Understanding the Common Gastrointestinal Problems in Dogs
One of the most common reasons dogs see their veterinarian is for an upset stomach. Nonetheless, not all canine gastrointestinal disorders are the same. There are hundreds of reasons that dogs’ stomachs/intestines are upset. Digestive problems can manifest themselves in a variety of ways. It might be hard to determine whether or not a gastrointestinal ailment is substantial. Even minor conditions can get worse if left untreated for too long.
We’ll go through four of the most widespread causes and treatments of digestive disorders in canines:
Constipation is defined as the inability or infrequency of eliminating feces, which is usually dry and firm. It is a relatively frequent concern in dogs. The problem is simple to fix in most cases, yet the situation might be dire in sicker pets. Feces grow drier and more burdensome to pass the longer they remain in the colon.
Plenty of water should be given to affected pets. Mild constipation is often resolved by switching to a high-fiber food, preventing the dog from ingesting bones or other items, providing readily available water, and administering suitable laxatives (usually for a short time only). If laxatives are given, they will be ideal for your pet. Laxatives designed for people can be highly hazardous to animals, especially cats.
Canine parvovirus is a potentially fatal viral infection that primarily affects puppies and adult dogs that have not been immunized. In addition to vomiting and fever, the dog may experience severe or bloody diarrhea. The virus is resistant to many regular disinfectants and can survive in polluted areas for months or even years. Check out this “pet hospital near me” page if you need to book your dog an appointment.
Infected canines should be isolated from other dogs until they have recovered. Good hygiene is likewise essential in preventing the spread of parvovirus. Puppies, even as young as six weeks old, can be vaccinated. All kennels, collars, bowls, and leashes should be cleaned and sterilized, and bedding discarded.
Colon inflammation (colitis) can be temporary or chronic. Colitis is characterized by very soft to watery feces. Canines with colitis struggle and appear to be in pain when defecating. They may try to use the litter box more often, even though their intestines are empty.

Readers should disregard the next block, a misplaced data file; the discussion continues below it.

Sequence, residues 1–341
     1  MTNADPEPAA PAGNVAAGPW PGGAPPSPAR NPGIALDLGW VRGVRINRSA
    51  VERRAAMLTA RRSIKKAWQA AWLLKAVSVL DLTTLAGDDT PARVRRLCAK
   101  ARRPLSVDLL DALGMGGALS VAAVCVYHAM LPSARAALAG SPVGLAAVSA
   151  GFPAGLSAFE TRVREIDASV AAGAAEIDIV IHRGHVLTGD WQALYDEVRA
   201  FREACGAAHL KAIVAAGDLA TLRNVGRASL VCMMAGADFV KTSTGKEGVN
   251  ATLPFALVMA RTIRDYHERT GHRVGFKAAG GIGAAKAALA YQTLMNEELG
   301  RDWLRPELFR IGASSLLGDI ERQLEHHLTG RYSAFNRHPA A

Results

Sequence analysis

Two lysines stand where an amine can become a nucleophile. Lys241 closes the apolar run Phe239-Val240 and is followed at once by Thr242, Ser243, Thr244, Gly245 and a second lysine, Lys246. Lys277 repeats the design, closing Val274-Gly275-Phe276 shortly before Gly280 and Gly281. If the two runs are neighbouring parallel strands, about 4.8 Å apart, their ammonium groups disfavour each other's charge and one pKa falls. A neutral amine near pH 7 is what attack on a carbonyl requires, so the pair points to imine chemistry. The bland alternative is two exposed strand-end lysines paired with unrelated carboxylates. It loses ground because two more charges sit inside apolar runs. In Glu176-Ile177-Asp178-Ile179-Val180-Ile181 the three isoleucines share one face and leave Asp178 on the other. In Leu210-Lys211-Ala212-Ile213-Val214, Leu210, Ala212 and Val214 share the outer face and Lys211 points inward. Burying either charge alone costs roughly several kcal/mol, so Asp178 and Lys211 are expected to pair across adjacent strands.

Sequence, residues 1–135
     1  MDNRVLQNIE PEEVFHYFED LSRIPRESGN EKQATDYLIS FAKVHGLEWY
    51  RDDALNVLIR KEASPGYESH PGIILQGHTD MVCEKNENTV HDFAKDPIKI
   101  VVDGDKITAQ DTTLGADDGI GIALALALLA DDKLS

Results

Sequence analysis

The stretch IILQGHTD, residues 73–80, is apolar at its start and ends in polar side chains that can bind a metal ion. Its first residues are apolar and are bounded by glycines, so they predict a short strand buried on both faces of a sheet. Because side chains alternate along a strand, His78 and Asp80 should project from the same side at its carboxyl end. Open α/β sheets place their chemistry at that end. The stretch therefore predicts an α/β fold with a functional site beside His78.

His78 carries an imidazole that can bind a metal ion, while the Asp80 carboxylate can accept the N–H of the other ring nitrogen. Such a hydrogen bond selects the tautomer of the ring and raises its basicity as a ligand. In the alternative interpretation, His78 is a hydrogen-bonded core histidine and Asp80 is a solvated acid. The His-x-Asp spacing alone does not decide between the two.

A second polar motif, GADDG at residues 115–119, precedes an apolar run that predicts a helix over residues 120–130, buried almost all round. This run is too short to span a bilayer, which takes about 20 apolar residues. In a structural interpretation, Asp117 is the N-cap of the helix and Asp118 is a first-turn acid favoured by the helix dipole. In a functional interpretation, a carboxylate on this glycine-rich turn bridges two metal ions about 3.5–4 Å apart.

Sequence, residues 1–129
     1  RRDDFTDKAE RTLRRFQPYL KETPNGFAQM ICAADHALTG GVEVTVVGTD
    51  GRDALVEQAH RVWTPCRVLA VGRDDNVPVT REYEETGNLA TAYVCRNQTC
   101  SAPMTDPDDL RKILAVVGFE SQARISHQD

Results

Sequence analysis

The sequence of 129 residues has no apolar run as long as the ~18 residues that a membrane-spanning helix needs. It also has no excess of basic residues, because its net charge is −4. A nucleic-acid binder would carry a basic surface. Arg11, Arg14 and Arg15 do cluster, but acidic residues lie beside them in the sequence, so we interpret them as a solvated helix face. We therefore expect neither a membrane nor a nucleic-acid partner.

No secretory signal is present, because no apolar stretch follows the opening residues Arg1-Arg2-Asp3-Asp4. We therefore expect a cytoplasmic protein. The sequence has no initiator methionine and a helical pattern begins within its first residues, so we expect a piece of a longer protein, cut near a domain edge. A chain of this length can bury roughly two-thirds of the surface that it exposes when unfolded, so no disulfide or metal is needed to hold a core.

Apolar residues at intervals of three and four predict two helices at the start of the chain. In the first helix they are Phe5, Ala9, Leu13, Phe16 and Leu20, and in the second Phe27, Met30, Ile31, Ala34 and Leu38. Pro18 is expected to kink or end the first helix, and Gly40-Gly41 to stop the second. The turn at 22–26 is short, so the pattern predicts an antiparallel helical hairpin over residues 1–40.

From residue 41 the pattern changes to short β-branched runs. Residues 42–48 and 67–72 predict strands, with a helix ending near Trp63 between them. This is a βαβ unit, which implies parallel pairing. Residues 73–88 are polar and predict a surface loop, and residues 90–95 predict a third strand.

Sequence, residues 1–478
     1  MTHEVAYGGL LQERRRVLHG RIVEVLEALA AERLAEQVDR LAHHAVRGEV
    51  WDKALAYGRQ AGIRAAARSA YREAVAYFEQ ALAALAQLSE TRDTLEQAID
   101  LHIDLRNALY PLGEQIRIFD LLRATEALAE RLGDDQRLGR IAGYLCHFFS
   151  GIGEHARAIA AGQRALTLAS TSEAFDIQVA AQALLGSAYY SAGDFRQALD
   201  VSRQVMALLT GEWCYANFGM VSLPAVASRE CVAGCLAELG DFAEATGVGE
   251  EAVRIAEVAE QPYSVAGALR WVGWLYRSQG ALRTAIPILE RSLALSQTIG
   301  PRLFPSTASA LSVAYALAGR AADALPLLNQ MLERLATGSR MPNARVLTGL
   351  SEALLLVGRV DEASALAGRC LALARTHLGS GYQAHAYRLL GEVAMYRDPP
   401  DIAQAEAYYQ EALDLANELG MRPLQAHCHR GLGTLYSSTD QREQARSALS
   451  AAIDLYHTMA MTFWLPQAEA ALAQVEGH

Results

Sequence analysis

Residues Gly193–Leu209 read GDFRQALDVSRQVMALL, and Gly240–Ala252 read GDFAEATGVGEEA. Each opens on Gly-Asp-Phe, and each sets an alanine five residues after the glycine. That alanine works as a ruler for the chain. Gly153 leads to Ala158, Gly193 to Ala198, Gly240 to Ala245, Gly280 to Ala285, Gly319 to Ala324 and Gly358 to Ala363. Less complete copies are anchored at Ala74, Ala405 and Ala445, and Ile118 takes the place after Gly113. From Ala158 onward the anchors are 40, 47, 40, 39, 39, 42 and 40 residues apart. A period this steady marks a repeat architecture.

The origin of the sickness determines the therapy for colitis in dogs. A hypoallergenic or intestinal diet, for example, usually provides immediate relief. Because food intolerance can worsen colitis, vets might recommend an elimination diet. Your vet internal medicine specialist may prescribe additional treatments to assist in healing and provide comfort.
Cancer of the Digestive System
Cancer in the digestive tract is uncommon, with stomach tumors accounting for less than 1% of all malignancies in small pets. Most gastrointestinal tumor forms have no known cause(s). Tumors of the digestive system in dogs are often malignant and spread to other parts of the body.
The first line of treatment for stomach cancer in dogs is surgery, be sure to seek a reliable veterinary surgeon. The damaged region of the stomach, as well as a small amount of the small intestine, is routinely removed. Most patients stay in the hospital for two nights after surgery; during this period, the dog is carefully examined for any issues.
How Veterinarians Diagnose Disorders of the Stomach/Intestine in Dogs
Diarrhea and vomiting are not diagnoses in and of themselves; instead, they are symptoms. Diagnosing a dog to give the best potential treatment takes many inquiries.
A medical diagnosis requires:
Talk with your veterinarian concerning whether or not you should take your pet to the hospital for vomiting and diarrhea. Try to communicate as much information as possible, including a detailed description of the vomiting or diarrhea.
A comprehensive physical examination evaluates a dog’s temperature, pulse, heart, lungs, hydration, glands/lymph nodes, and other vital signs. This gives crucial information about the dog’s overall health and aids in planning diagnostic tests.
Laboratory screening reveals what is taking place within a pet’s body. The following are some frequent diagnostic examinations for gastrointestinal problems in dogs:
- Blood tests
- Fecalysis for parasites check
- Food sensitivities
- Hormone analysis
- Testing for contagious diseases
There is no need to worry if a puppy is unwell; none of these tests are needed simultaneously. Instead, your veterinarian will create a specific treatment plan based on the most likely problems that your dog is experiencing.